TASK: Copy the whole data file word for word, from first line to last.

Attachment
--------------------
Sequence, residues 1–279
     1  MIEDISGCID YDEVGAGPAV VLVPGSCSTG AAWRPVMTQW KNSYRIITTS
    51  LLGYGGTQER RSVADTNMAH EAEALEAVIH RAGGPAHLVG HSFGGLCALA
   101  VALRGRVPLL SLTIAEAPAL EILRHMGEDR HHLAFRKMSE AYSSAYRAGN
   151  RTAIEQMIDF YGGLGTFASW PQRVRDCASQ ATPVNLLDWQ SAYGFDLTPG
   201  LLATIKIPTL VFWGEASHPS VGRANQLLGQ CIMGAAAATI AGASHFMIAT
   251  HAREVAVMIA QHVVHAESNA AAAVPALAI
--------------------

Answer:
Sequence, residues 1–279
     1  MIEDISGCID YDEVGAGPAV VLVPGSCSTG AAWRPVMTQW KNSYRIITTS
    51  LLGYGGTQER RSVADTNMAH EAEALEAVIH RAGGPAHLVG HSFGGLCALA
   101  VALRGRVPLL SLTIAEAPAL EILRHMGEDR HHLAFRKMSE AYSSAYRAGN
   151  RTAIEQMIDF YGGLGTFASW PQRVRDCASQ ATPVNLLDWQ SAYGFDLTPG
   201  LLATIKIPTL VFWGEASHPS VGRANQLLGQ CIMGAAAATI AGASHFMIAT
   251  HAREVAVMIA QHVVHAESNA AAAVPALAI